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. Last Updated: 07/27/2016

You Can't Judge The Kremlin By Its Red Stars

I happen to like the red stars that crown the Kremlin towers. I know they represent a despised and rejected political system, but I dread the day when driving home at night there will be no more glowing stars floating as if dislocated above the Moskva.

Rumor has it that the stars will be replaced by the cast-iron figures of Russia's new symbol, the double headed eagle. It would be logical to put the new eagles on top of the Kremlin, but to my mind aesthetically unjustified and politically unnecessary.

Like everything else in Russia, the precise meaning of symbols and labels and the degree to which they are offensive is fluid at the moment. Perhaps a more subtly discriminating approach toward them is required.

Take the other end of the political spectrum, Russia's "Democrats". Foremost among them is the president, to whom the world is in debt for accelerating the final collapse of Soviet communism.

Yeltsin, as October's bloodshed proved, is still now engaged in slaying the communist dragon, which cannot be done tidily. But his conduct in the current election campaign, especially his "opinion" that the parties must stop criticizing him or his draft constitution or be taken off television, has been tellingly undemocratic.

In reality, Yeltsin is better described as an anti-communist than a democrat. I suspect he will be remembered as such, and will last in power only for as long as the threat of a backlash from Russia's unholy alliance of communists and nationalists tops the political agenda.

Around him, Yeltsin has collected a group of men who collectively are known to Russians as the demokraty. These include Gennady Burbulis, Mikhail Poltoranin, Sergei Filatov and others. But the name is rarely used in praise. It defines not so much a political orientation as the powerful clique that happens to run the country.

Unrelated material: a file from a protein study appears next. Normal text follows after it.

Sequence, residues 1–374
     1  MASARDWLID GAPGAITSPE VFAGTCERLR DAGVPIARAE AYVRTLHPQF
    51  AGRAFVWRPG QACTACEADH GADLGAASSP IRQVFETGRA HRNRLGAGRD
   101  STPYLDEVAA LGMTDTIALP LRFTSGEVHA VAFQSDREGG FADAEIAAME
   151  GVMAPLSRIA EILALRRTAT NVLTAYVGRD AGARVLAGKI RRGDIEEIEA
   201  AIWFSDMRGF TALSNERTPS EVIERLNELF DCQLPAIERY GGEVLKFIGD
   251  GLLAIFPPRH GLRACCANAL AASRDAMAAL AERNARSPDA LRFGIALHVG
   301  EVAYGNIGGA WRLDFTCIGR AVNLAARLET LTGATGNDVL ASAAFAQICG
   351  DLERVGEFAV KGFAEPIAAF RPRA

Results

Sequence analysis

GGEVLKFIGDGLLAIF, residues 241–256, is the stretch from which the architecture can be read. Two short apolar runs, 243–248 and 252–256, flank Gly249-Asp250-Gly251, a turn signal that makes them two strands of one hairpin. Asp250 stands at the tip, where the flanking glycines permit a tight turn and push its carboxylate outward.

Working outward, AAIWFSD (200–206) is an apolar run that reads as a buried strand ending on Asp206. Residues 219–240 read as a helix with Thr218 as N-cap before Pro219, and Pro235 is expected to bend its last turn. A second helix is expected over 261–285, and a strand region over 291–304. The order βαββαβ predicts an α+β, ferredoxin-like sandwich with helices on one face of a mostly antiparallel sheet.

To drive the point home, almost every one was a "democrat" in August 1991. Ruslan Khasbulatov, Alexander Rutskoi, Sergei Baburin - all of them were enthusiastically on the team. Only after the ossified Soviet leadership was defeated did they begin to learn what the democratic label implied, and they rebelled against it.

The process of defining what it is to be a Russian democrat is still very much underway. The Communist leader Gennady Zyuganov, for example, regularly describes himself as a "true democrat". Vladimir Zhirinovsky calls himself a liberal democrat, although his policies are closer to fascism.

Even the four parties running for election Dec. 12 that are widely recognized as democratic or reformist - Yegor Gaidar's, Sergei Shakhrai's, Grigory Yavlinsky's and Anatoly Sobchak's - have people on their teams whom it would be hard to call by either name.

The fact is that many of the political labels being used now are imports that are only beginning to bear a relationship to the country's experience and institutions. Russia's politicians might at present be more meaningfully divided, for example, into statists and non-statists, or Slavophites and Westernizers.

Seen in that context, the double-headed eagle, with its resonance of autocratic tsarist Russia, is an honest choice for a new national symbol, but nothing to swoon about. Why not then keep the stars on the Kremlin - just because they look good.